Physically active adults are less inclined to be depressed, say Oxford and Yale researchers
But we already knew that, didn't we?
- American adults that exercise spend an average of 18 fewer days depressed every year.
- The large-scale study includes data from over 1.2 million Americans over a five-year period.
- The researchers note that too much exercise negatively impacts mental health.
Weekends in Los Angeles are dominated by physical activity: hiking, surfing, running, cycling, yoga. It's easy to affix stereotypes to this city's denizens, yet year-round sunshine affords residents every opportunity to stay fit. Many take advantage; staying active is part of the culture.
Not that everyone partakes, of course, but lack of opportunity can never be an excuse. Having grown up on the East Coast, I recall when outdoor physical activity was seasonal. You have to work harder during winter months to maintain the same fitness output. Those who endure the ravages of winter to make it to the gym seemed happier for it.
Such speculation was recently put to the test by researchers at Oxford and Yale. In a study of more than 1.2 million Americans, they discovered physical fitness is more important to your mental health than how much money you make. To be exact: exercisers are, on average, depressed 35 days a year; for non-active participants that number is 53 days.
Using data between 2011–2015 provided by the Centers for Disease Control and Prevention Behavioral Risks Surveillance System, researchers found that physically active adults self-report feeling depressed much less than couch potatoes. They point to the fact that exercise is correlated with numerous health benefits, including reduced risk of overall mortality, cardiovascular disease, obesity, stroke, and cancer.
If you feel good, your perspective tends to follow.
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It's not only the diseases you avoid. Exercise is linked with improved musculoskeletal health and stress regulation. Studies centered on mental health have been a bit more ambiguous, though it has long been known that exercise helps curb anxiety and depression. For this study, researchers note that intervention has never been more needed considering that "depression is now the leading cause of global disability burden."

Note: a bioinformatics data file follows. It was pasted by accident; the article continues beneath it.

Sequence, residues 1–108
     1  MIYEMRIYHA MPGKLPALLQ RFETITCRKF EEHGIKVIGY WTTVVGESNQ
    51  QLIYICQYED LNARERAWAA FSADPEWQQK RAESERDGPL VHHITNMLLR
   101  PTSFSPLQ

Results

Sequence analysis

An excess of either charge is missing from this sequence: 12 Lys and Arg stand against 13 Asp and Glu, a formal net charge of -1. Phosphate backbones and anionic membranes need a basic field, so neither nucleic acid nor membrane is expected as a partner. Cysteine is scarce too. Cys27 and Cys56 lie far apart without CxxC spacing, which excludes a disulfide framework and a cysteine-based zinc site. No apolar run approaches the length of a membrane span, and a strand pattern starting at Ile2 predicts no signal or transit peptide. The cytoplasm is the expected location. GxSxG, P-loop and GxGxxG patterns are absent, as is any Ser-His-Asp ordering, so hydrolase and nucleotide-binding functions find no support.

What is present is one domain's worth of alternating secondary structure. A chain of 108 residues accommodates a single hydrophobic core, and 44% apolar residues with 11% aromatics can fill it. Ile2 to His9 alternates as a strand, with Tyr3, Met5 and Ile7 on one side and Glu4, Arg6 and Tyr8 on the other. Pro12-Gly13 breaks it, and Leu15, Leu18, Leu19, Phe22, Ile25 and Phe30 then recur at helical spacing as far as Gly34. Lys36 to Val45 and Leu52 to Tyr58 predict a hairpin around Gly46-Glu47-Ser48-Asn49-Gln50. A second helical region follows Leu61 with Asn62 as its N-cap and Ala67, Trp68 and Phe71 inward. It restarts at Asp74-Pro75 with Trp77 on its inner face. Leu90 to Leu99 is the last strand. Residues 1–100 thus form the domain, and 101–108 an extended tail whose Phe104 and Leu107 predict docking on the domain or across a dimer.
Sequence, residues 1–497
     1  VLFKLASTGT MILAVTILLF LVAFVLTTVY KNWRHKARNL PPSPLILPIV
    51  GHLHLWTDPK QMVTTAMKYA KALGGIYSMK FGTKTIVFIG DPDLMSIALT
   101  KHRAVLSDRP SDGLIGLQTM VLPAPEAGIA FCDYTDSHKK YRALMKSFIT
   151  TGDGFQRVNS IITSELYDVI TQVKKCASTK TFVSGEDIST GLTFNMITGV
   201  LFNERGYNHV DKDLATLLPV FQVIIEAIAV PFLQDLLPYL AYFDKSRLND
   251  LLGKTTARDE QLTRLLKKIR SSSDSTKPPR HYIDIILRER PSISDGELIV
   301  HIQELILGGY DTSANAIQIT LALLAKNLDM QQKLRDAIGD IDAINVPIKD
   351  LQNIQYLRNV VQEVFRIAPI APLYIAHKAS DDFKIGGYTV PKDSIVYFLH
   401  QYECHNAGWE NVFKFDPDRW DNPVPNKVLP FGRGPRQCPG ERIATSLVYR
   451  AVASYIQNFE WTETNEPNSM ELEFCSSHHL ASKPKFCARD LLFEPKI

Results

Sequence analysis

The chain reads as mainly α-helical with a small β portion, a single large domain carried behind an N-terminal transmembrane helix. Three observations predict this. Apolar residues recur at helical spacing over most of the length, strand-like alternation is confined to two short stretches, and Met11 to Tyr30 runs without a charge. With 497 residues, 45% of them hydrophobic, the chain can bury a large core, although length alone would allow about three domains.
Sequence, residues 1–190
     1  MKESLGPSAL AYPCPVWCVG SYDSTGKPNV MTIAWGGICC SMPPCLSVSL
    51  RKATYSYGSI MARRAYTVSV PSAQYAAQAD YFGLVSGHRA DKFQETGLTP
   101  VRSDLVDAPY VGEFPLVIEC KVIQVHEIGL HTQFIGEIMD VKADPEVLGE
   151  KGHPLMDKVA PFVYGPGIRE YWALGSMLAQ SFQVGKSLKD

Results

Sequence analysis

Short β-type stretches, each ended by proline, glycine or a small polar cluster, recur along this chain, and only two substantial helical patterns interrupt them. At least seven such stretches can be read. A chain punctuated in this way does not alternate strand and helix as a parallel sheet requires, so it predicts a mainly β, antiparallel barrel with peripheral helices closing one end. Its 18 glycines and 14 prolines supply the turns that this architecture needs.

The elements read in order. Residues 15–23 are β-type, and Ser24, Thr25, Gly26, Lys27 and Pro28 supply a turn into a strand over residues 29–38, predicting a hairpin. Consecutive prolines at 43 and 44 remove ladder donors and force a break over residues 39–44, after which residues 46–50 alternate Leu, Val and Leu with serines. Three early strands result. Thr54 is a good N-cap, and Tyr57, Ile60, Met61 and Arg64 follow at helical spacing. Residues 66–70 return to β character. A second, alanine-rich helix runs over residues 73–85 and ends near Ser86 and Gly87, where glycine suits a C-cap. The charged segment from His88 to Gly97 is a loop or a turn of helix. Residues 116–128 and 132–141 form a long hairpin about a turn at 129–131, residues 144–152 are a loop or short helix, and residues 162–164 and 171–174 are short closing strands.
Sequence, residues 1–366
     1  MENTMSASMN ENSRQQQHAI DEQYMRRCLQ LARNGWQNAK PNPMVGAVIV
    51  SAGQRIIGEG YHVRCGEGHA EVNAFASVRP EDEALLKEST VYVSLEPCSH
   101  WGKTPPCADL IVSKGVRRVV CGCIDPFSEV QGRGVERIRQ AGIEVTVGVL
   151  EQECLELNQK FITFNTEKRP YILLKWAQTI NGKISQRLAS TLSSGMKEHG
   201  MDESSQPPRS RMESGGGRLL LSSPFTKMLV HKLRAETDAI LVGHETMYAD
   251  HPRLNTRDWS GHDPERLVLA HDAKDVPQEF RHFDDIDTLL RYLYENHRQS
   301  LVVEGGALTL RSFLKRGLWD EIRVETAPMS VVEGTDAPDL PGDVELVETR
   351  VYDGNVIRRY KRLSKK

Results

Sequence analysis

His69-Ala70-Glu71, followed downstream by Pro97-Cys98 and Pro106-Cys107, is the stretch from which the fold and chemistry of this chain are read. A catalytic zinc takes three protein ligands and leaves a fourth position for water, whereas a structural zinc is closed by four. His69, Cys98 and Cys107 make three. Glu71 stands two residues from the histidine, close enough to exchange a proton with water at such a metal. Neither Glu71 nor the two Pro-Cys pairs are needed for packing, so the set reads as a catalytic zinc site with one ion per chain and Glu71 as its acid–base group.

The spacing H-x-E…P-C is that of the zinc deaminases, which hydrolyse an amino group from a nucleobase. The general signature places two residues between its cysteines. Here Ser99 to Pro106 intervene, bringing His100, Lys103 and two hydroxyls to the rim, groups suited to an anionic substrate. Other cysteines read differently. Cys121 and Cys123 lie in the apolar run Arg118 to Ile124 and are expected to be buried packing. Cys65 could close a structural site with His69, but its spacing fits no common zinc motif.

Reducing this burden is the main goal of this research. Thinking outside of the gym, they included 75 types of physical activity in the survey, including golf and gardening. They grouped "mindful exercises," such as yoga and tai chi together—a slightly strange decision, given that even those two disciplines leave distinct imprints on your nervous system. Still, the underlying goal is to better understand the difference between movement versus no movement. The former made a statistically significant impact.
While movement scores above money, the results were actually U-shaped. Three to five weekly sessions of thirty minutes to an hour appears to be the magic zone for achieving optimal mental health. Those working out three or more hours a day did not show better results than those who don't work out at all. There are likely two reasons for this: fatigue, which can drain your emotional output, and obsessive-compulsive disorder, a real problem in gyms. For example, some former addicts devote themselves to the "high" of working out, but really only move their addiction to another focus. Healthier, sure, but incessant anxiety about working out still follows.